Picture a meditation space, a yoga studio, a spa. Chances are, when we conjure up images of interiors designed to promote physical and mental well-being, we imagine pale colours, big windows, natural light. De-saturated hues and white linens. Floor-to-ceiling mirrors.
Jaybird, a yoga studio located in Yaletown, Vancouver, takes a very different approach.
Designed by Ste. Marie, this studio is all about the haptic experience. It’s a space in which to focus not on one’s surroundings, but to reflect inward on the self.
According to Jaybird, we live in an overstimulated world, and part of that is overexposure to light. Box stores, for instance, are extremely bright, because neuroscientists and marketers have discovered a link between light and human emotion. Bright lights prompt big feelings, the studio explains, which in turn prompts big spending. Studies have also shown, on the other hand, that darkness shuts down major cortical centres of the brain. Darkness compels us to slow down, to focus less on our physical environment and more on our bodies.
And so Jaybird teaches its classes in the dark. No mirrors, no light, no chanting or traditional “yoga speak.” Just a space in which, the studio encourages, to be “unashamedly yourself, naked as a jaybird.”
In order to create a space that reflected the core principles of the studio, Ste. Marie focused on a repetition of natural materials. “A recycled cork tile became the building block of materiality, working to evoke the ephemeral, atmospheric qualities of space,” the studio shares. The palette is dark and subdued, creating the same kind of warmth one might feel in a subterranean, earthen space. This is intentional; the firm describes the space, with its vacuous entryway in the foreground, as evocative of a “primordial, warm cave.”
The practice of yoga itself was also key. “Movement, too, is considered,” says the firm. “Integrating the principle of ‘flow’ in yoga practice, the layout is intuitive and responsive—proposing a choreographed path of use.” For inspiration, Ste. Marie looked to the works of American choreographers and dancers Lucinda Childs and Trisha Brown. In particular, the fluidity of Trisha Brown’s movement in the 1978 film Watermotor by Babette Mangolte was influential as a visual reference. The animate sculptures of Constantin Brâncuși, a Romanian artist, served as further fodder for inspiration.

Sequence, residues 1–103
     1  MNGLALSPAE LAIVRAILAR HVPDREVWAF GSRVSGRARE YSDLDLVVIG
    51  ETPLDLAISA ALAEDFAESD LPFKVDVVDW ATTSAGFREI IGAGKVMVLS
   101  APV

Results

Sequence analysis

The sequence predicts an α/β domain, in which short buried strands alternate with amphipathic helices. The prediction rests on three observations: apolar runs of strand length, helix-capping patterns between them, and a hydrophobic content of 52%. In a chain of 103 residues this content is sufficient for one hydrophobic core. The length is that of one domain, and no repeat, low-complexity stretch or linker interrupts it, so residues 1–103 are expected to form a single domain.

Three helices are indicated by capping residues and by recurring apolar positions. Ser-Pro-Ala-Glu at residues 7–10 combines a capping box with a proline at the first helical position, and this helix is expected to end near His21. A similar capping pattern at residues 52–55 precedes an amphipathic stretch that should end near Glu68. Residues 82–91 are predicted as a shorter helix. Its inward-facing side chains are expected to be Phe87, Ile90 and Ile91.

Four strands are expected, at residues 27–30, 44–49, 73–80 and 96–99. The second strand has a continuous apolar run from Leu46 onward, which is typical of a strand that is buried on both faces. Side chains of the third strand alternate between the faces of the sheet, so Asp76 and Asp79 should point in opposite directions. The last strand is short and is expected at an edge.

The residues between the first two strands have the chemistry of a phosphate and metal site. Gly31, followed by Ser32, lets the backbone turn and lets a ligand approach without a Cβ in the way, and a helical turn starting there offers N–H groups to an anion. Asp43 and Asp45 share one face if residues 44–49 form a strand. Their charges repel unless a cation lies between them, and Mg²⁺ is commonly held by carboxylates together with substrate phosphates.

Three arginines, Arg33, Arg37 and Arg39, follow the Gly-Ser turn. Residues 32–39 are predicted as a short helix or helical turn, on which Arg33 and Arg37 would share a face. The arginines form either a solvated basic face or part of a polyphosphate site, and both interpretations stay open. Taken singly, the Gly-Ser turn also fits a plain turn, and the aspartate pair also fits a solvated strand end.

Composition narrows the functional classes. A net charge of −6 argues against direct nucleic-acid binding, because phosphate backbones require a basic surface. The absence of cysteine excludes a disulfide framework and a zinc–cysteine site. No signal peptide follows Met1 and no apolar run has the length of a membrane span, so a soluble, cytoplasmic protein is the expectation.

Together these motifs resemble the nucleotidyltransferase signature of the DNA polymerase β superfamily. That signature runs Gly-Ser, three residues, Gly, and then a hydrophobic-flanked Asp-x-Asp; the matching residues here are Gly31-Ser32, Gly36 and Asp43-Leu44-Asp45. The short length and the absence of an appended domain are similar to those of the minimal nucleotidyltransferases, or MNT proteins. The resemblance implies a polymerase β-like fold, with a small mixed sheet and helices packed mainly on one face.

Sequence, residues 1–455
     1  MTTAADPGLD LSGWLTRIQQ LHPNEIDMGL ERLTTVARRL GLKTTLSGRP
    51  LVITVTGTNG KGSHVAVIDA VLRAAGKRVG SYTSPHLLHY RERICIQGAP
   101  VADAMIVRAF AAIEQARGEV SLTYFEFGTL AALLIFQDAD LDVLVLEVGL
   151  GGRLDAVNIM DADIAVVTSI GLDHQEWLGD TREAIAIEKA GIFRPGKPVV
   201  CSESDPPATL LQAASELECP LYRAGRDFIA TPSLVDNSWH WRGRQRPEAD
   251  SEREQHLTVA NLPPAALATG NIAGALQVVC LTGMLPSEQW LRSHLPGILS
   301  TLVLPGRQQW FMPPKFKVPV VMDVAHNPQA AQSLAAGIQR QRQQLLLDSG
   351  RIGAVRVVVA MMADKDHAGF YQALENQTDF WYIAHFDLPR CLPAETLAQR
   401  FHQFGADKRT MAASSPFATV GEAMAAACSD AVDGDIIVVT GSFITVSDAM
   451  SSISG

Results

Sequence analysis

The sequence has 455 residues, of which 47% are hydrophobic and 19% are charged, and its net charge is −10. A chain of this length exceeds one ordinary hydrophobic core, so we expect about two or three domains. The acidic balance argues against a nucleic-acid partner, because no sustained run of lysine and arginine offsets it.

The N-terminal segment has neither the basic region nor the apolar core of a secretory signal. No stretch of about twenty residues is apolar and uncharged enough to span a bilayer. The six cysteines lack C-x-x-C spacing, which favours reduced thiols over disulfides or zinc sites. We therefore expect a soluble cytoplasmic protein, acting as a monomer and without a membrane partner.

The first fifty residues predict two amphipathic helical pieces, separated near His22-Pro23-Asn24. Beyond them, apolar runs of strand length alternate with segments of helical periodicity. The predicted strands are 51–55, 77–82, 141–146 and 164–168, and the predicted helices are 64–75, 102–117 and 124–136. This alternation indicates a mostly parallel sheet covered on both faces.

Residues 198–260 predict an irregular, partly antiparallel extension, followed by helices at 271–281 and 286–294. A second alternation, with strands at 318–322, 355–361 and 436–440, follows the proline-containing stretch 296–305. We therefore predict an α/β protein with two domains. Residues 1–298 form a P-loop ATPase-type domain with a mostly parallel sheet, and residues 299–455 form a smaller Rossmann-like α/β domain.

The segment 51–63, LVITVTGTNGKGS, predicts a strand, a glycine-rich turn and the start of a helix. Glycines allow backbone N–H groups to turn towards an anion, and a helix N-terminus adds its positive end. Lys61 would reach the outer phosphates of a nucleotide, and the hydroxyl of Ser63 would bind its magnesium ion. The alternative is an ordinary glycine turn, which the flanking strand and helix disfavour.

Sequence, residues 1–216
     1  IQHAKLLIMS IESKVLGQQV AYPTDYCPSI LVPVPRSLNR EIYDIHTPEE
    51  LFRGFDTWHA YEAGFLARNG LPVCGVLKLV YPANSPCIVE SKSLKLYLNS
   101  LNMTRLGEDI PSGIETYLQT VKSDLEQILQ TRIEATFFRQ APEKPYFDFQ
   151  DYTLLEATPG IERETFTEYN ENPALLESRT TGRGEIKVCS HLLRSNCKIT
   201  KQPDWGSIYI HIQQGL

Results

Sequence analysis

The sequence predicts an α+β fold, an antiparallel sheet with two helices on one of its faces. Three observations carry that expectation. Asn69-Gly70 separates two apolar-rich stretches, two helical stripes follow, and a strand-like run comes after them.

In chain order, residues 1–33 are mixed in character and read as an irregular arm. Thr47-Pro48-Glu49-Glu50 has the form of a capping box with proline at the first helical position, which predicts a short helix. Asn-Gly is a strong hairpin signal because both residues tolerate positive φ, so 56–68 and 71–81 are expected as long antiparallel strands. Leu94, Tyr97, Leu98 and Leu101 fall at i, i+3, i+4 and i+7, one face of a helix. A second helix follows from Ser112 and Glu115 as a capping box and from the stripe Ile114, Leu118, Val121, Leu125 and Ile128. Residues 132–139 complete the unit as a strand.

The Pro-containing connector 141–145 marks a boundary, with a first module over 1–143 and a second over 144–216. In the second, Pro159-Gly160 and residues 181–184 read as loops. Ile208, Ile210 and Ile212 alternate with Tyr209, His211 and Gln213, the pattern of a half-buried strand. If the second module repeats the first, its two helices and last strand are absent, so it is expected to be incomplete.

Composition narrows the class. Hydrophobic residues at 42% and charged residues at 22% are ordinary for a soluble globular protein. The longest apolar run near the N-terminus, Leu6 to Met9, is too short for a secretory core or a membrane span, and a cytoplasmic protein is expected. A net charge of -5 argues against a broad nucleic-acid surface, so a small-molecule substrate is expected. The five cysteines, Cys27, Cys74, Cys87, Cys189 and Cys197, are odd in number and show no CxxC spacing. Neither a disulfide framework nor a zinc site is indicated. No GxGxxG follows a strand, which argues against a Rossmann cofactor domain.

A great deal of attention has gone into the natural pathways of the space, an organization that encourages visitors to move without pretense and respond spontaneously to the physical environment. White oak benches are positioned around the room’s perimeter, which leads to a change room door and then a studio door. Flow is intuitive.
Quiet geometric forms throughout the space also create a sense of movement, from the design of the front desk and arched doorway to the curved lines of the locker room mirrors.
“Entering from the glass-walled streets of downtown, Jaybird’s design transports the body and guides the mind, embracing what can’t be seen,” says Ste. Marie. The firm has executed the difficult task of designing for senses other than sight to extraordinary results. The resulting Jaybird studio is a meditative, tranquil space that celebrates the truest form of design in the room: the human mind and body.
photo credit: Conrad Brown